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Anguloa clowesii

Raymond Booth (1929-2015)


Signed and dated 1987

Oil on paper

26 ½ x 17 inches

Roy Strong, Country Life, 25 April 1991, Page 88-89, 'Graphic Virtuosity';
Peyton Skipwith (text), Raymond Booth,
An Artist's Garden, New York: Callaway, 2000, Page 37, as 'Cradle Orchid'

'Raymond Booth: Painter and Plantsman', Fine Art Society, London, July 1991, No 24;
'Raymond Booth: A Memorial Exhibition', Fine Art Society, London, August- September 2016, No 104;
'Raymond Booth: In the Wild', Fine Art Society, London, May-June 2017, No 41;
'A Century of British Art: 1945-2010', Chris Beetles Gallery, London, October-November 2021, no 271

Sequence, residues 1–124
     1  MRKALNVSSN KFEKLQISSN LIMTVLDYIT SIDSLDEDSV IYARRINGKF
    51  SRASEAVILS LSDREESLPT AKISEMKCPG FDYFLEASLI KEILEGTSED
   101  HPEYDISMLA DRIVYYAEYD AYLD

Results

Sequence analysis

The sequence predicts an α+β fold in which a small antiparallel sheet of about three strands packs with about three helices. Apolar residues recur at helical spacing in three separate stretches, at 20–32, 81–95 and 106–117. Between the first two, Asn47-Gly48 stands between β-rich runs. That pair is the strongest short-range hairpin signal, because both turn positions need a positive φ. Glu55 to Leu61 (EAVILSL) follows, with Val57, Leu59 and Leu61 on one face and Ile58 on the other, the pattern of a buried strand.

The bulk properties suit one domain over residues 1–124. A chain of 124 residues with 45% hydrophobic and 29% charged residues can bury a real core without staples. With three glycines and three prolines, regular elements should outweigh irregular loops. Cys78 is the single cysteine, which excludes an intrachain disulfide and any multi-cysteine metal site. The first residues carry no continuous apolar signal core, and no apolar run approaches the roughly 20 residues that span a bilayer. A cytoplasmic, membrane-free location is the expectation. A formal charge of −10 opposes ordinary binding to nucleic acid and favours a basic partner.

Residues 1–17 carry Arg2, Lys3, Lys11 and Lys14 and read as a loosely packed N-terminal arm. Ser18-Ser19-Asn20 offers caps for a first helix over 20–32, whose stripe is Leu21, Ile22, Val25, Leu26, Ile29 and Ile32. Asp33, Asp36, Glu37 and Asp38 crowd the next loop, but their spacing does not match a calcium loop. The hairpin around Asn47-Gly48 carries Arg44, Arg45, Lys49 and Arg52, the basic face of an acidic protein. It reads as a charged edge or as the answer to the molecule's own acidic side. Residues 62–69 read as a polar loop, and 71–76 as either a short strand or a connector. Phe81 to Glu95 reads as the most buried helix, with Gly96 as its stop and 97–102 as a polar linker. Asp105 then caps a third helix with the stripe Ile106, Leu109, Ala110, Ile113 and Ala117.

Anguloa clowesii
Raymond Booth was not only a formidable wildlife artist, but also an expert plantsman, and he nurtured many rare plants, including orchids, in the garden and greenhouses of his Leeds home. In his later years in particular, these provided ready subjects for his art.
The impressive, fragrant Anguloa clowesii is one of 18 species in the Anguloa or Tulip genus of orchids, all of which are native to Central or South America. The genus in general was first described in 1798 and named in honour of Francisco de Angulo, Director-General of Mines of Peru. However, this particular species was first described by the English botanist, John Lindley, in the early nineteenth century, and named after the Rev John Clowes (1743-1831) of Broughton Hall, near Manchester, and incumbent of Manchester Collegiate Church (now Manchester Cathedral). Clowes was a discerning and knowledgeable orchidist and had possessed a mixed collection of orchids from around the world.

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